A federal judge in New Mexico has dismissed a lawsuit that sought to stop the city of Las Cruces — Spanish for "the crosses" — from using an image of three crosses on its official logo.
In the late 16th century, explorer Don Juan de Onate led Spanish colonists through the area now known as Dona Ana County in southwestern New Mexico. Almost 150 years later, an Apache ambush in the same area left several travelers dead, and mourners marked the graves with crosses — giving rise to the name La Placita de Las Cruces, or "the Place of the Crosses."
Now home to New Mexico State University and a student population of about 16,000, Las Cruces — the second most populous city in the state — reflects the area's history in its official city logo, which depicts three overlapping crosses surrounded by a graphic representation of the sun. Appropriate enough, it might seem, for a community with a strong Spanish heritage located in the high, dry desert of the Southwest.
But not appropriate, evidently, for Paul Weinbaum, his daughter Olivia Weinbaum, and Martin Boyd, who viewed the logo as a violation of the Establishment Clause of the First Amendment — and brought suit against the city, seeking that the logo be banned. They claimed that government use of the crosses' image endorsed and advanced Christianity.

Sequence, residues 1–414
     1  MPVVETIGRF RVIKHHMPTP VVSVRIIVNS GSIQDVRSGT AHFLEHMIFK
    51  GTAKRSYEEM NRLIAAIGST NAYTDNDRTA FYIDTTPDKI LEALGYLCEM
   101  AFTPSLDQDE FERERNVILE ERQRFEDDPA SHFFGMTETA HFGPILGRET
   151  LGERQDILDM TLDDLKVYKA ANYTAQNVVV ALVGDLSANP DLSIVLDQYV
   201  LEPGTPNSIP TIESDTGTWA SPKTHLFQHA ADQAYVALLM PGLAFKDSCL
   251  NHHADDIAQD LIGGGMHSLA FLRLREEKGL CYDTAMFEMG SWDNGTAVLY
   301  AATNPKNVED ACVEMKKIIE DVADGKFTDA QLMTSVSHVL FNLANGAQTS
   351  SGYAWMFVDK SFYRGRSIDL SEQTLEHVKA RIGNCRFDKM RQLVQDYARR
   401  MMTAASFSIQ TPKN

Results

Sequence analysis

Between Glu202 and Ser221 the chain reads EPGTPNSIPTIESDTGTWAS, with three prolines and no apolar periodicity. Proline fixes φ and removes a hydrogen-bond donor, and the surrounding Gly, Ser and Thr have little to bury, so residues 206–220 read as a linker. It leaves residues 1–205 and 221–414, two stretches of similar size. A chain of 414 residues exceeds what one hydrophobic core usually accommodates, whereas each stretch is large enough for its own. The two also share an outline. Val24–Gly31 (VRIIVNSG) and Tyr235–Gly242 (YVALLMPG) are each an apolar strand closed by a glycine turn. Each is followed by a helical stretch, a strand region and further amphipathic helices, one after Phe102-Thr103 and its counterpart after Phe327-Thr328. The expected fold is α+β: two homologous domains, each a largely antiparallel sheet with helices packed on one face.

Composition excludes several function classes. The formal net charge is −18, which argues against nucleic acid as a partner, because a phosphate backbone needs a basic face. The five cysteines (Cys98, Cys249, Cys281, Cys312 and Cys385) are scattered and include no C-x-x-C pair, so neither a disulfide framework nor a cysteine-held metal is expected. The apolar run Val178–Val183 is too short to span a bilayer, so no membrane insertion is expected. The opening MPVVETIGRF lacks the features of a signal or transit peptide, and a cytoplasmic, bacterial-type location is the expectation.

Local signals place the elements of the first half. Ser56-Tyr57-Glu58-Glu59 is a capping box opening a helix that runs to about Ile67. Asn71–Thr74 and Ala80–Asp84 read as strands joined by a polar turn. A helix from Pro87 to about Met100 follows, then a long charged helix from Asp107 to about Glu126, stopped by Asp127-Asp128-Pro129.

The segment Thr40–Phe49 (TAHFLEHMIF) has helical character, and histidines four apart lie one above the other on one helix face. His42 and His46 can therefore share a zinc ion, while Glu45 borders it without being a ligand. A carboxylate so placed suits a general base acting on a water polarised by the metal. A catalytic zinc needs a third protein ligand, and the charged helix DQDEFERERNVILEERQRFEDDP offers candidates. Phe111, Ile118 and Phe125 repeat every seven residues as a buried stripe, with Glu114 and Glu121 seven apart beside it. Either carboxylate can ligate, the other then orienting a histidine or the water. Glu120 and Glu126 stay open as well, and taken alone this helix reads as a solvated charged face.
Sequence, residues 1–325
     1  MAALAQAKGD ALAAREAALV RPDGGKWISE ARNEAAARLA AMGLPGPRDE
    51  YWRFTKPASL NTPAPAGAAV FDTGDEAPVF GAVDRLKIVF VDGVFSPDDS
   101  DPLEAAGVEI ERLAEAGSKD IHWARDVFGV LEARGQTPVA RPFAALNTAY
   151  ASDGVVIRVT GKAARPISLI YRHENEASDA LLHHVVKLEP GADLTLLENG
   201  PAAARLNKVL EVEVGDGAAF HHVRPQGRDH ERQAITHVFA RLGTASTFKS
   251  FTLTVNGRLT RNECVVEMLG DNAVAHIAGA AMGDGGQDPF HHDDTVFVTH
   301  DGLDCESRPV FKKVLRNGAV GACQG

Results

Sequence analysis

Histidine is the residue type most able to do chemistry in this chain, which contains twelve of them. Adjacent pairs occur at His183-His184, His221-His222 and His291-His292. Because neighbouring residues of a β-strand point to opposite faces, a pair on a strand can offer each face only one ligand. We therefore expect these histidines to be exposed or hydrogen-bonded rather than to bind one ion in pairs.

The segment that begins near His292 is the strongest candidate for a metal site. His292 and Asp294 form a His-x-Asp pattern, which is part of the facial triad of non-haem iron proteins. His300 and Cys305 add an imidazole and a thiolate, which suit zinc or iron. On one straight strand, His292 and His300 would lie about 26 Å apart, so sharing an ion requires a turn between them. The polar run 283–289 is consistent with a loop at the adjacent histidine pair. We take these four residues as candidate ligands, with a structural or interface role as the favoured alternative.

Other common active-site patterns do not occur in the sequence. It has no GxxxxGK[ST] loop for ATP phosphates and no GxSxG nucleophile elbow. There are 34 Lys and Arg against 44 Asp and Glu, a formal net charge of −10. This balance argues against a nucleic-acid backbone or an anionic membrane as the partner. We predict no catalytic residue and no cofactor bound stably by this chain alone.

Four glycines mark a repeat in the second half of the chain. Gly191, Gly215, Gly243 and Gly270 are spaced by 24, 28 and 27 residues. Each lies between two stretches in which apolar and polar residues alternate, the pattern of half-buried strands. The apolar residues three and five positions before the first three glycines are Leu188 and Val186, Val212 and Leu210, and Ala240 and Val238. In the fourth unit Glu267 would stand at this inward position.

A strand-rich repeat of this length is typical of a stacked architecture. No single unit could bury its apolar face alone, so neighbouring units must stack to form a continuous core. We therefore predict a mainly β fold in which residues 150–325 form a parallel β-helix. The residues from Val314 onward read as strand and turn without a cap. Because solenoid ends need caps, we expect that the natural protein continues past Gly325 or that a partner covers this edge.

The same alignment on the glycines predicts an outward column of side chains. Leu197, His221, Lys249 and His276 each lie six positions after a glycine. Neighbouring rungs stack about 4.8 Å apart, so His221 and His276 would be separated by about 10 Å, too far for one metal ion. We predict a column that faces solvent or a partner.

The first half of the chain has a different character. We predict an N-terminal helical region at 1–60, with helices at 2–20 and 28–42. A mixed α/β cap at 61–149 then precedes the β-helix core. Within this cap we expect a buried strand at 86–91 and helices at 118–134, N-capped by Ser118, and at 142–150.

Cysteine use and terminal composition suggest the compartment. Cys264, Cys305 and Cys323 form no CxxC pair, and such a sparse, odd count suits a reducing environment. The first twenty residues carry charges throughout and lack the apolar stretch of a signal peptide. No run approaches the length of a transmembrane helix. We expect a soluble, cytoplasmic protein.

But on Thursday, November 9, US Federal District Court Judge Robert Brack dismissed the case while, at the same time, affirming the plaintiffs' right to bring such a suit. "Under any theory or application of the First Amendment to a governmental display of a religious symbol," wrote Brack, "the difficult question is to draw the line." Using the three crosses, he continued, could be considered secular because the original purpose of their use could not be established.
"When there is no evidence of the original purpose for adopting a practice, the government may propose possible secular justification for the challenged practice," wrote the federal judge. According to the Las Cruces Sun-News, Weinbaum and his fellow plaintiffs had been "vilified" in the community because of their legal pursuit. Brack addressed that in his 30-page opinion.
"People have suggested that if plaintiffs have these complaints, they should leave. No, they should not," Judge Brack wrote. "This is the United States of America. As concerned citizens and parents, plaintiffs have every right to raise their concerns in this court. The beauty of the system is that plaintiffs do not have to leave, that the complaint of those in the minority can and should be heard, and that we are all better for the hearing."
Las Cruces Mayor Bill Mattiace called the dismissal "great news." "[The logo] is really the signature and the spirit of what we call home, what we call Las Cruces," the mayor said.
Weinbaum has indicated he plans to appeal the ruling. He is also suing the Las Cruces Public Schools on similar grounds. That case is scheduled to go to trial on November 27.